"Due to extensive cooperation on a wide range of issues, the relationship between the United States and Europe is often called the transatlantic partnership. In many areas, the two sides share common values and overlapping interests, and have grown increasingly interdependent in terms of security and prosperity. The majority of Europeans warmly welcomed President Barack Obama to office, and his popularity suggested opportunities for the United States and Europe to address the common set of global challenges they face. In dealing with this difficult agenda, however, observers note that the constructive tone of the relationship does not necessarily translate into tangible foreign policy results. Overall, transatlantic cooperation is strong on many key issues, but some concerns and points of tension also persist. As the United States and Europe deal with changing geopolitical realities, some new anxieties are surfacing about the future of the transatlantic partnership."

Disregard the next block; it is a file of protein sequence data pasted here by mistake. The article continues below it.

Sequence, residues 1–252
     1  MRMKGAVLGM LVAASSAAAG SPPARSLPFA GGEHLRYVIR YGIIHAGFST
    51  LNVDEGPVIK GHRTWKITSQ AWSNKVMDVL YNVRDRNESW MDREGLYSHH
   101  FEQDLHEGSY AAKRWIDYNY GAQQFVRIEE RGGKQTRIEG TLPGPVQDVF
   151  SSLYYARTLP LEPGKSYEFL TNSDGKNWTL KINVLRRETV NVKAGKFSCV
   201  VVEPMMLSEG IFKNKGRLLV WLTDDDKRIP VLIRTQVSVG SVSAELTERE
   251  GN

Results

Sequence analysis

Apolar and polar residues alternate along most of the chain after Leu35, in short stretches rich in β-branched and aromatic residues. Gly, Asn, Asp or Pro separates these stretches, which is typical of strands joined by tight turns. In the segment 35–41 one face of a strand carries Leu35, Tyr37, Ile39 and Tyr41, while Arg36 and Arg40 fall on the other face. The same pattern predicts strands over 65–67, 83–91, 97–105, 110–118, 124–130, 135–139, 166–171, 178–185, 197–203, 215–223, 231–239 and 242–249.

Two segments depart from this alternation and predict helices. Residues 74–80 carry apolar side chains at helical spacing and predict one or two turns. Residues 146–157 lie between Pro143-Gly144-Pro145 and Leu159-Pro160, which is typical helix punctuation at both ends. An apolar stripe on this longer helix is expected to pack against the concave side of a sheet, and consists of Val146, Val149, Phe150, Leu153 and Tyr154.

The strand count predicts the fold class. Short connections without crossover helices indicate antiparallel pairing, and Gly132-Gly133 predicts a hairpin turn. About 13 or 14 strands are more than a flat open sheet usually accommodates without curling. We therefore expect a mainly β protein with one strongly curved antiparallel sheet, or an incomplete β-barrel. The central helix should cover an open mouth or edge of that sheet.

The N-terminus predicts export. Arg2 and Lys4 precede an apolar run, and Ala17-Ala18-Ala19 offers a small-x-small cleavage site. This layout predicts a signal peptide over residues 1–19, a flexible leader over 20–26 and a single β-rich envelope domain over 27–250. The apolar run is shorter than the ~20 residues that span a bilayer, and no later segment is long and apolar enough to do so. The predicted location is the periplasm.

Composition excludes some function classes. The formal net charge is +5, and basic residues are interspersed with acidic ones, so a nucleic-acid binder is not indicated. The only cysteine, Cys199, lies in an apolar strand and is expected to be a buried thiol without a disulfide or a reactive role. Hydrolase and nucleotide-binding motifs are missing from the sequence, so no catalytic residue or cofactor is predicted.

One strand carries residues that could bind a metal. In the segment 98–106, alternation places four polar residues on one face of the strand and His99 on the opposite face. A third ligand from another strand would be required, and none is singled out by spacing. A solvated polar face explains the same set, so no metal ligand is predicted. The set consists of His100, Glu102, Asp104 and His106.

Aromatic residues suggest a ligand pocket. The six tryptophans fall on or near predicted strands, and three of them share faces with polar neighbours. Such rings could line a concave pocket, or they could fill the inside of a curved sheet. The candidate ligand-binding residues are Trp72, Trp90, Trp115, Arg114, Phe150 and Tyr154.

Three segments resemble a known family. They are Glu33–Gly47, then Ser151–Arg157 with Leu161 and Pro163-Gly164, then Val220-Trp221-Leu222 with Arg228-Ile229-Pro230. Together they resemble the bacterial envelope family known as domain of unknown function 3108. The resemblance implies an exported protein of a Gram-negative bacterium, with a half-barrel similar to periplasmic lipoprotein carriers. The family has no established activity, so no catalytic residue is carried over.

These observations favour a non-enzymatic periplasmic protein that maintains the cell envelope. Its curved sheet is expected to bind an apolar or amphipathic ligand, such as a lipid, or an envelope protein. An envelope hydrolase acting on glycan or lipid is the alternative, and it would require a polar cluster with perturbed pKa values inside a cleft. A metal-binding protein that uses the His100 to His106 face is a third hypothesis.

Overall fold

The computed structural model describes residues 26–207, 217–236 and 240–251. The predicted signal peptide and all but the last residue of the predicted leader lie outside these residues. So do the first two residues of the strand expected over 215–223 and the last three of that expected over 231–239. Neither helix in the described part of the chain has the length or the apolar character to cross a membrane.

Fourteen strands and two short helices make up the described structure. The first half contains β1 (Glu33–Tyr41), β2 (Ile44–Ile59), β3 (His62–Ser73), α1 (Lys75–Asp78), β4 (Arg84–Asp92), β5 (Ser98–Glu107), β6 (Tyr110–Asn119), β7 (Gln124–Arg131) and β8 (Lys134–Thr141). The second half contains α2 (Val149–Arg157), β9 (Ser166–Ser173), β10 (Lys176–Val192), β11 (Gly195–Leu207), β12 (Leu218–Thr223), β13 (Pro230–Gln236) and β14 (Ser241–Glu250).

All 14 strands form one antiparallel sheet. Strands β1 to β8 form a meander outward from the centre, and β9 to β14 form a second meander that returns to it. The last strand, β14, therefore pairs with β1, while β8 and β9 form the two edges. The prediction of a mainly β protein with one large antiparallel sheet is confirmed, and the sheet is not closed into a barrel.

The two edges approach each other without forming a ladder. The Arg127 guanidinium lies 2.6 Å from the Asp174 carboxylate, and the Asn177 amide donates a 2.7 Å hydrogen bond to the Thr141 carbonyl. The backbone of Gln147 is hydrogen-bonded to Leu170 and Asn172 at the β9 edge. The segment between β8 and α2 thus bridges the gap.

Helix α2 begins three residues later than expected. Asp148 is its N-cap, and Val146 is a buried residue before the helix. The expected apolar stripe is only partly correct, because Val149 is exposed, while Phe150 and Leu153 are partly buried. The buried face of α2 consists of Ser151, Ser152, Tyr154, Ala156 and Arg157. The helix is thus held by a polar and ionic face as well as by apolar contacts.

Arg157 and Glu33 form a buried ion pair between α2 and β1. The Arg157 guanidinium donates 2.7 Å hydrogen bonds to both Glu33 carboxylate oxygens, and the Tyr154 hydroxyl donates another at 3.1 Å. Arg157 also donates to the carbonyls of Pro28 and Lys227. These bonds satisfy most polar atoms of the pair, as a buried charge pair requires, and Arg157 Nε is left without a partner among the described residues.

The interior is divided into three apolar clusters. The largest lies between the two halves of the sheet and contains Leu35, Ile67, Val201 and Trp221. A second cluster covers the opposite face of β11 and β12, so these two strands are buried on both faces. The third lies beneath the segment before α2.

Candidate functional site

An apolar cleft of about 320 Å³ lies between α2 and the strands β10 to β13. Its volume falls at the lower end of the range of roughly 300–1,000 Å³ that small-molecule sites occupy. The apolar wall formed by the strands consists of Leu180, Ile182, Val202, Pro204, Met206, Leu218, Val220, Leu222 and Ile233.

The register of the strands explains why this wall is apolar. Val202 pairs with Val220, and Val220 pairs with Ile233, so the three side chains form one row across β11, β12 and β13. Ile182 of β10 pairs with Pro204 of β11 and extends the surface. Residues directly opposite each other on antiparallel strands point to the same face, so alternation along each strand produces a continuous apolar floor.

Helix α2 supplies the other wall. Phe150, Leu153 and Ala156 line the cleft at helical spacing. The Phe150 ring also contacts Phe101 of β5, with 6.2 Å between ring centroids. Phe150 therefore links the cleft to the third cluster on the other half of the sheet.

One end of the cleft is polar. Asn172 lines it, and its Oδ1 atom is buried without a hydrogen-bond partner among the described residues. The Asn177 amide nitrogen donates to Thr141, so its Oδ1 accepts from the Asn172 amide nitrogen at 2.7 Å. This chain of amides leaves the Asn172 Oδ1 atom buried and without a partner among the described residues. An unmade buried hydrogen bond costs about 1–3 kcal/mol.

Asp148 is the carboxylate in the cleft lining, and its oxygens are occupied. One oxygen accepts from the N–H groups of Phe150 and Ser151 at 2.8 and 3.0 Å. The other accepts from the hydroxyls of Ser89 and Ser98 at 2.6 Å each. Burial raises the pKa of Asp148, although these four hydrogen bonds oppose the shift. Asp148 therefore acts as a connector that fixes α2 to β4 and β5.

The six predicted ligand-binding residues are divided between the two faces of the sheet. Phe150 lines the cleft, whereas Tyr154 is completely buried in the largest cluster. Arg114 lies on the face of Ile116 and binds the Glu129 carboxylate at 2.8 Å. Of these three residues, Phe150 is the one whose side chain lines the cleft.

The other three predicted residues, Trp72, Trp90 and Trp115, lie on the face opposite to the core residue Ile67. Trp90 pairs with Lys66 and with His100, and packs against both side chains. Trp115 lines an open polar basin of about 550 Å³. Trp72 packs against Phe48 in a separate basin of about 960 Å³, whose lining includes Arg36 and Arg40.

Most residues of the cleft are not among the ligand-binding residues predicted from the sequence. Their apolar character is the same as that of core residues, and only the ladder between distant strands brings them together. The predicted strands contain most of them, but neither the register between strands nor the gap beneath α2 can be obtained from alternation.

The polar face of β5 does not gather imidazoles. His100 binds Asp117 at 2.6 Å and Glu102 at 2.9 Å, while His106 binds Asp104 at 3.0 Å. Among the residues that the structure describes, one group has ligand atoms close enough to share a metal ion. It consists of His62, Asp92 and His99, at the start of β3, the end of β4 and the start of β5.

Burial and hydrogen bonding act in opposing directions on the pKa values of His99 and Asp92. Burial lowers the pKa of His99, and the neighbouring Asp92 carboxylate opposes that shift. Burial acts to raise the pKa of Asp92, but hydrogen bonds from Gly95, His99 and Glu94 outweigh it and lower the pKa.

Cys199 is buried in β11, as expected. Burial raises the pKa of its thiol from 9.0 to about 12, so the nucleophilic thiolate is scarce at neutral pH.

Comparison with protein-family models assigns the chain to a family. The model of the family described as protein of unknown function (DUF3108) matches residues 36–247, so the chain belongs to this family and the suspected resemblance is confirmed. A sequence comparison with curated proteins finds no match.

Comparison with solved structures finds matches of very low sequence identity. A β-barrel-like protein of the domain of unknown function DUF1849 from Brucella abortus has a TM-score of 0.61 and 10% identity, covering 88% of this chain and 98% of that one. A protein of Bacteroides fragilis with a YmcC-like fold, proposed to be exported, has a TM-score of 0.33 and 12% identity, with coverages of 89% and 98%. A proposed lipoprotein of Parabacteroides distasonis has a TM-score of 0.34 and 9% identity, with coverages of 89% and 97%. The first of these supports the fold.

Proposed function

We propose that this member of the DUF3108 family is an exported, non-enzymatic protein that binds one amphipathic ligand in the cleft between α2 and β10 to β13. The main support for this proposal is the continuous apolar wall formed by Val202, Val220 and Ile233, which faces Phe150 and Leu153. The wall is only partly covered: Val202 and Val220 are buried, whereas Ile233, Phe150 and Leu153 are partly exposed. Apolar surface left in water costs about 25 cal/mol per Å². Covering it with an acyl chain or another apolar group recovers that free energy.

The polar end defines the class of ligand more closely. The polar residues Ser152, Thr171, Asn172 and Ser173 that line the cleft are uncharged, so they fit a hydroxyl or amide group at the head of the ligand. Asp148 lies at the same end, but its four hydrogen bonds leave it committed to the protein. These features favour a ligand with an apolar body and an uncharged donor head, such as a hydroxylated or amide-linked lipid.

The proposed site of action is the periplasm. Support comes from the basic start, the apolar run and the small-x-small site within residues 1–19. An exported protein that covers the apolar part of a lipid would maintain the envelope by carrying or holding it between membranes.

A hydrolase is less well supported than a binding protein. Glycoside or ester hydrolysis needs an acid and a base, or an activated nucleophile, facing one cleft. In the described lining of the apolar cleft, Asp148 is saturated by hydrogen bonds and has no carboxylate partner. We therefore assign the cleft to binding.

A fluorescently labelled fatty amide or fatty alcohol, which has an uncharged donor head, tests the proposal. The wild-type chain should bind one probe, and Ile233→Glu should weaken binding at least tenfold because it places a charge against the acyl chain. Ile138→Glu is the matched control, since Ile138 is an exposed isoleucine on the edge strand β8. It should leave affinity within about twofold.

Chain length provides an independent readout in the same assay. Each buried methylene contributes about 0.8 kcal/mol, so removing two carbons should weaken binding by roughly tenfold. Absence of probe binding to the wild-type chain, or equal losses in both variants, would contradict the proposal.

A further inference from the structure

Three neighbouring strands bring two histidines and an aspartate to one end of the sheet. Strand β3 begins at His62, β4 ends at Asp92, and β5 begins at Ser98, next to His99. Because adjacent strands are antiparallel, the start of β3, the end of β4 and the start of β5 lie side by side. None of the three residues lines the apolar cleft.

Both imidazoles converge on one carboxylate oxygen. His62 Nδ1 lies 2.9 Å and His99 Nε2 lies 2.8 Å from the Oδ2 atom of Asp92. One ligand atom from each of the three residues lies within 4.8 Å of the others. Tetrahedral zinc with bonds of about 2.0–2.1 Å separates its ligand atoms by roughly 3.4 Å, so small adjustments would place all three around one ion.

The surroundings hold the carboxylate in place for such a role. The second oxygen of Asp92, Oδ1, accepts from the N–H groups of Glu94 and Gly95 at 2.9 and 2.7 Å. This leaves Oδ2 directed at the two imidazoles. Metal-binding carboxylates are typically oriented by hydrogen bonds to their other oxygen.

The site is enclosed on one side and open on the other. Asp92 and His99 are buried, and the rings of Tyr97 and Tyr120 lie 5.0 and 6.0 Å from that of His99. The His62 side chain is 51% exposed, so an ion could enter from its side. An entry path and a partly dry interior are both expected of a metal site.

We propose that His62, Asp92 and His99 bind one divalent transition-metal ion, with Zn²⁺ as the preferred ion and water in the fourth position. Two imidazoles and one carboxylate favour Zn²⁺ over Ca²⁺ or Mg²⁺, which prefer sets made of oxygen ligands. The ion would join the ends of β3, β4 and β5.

CRS Report for Congress, RS22163
U.S. Dept. of State, Foreign Press Centers: http://www.fpc.state.gov/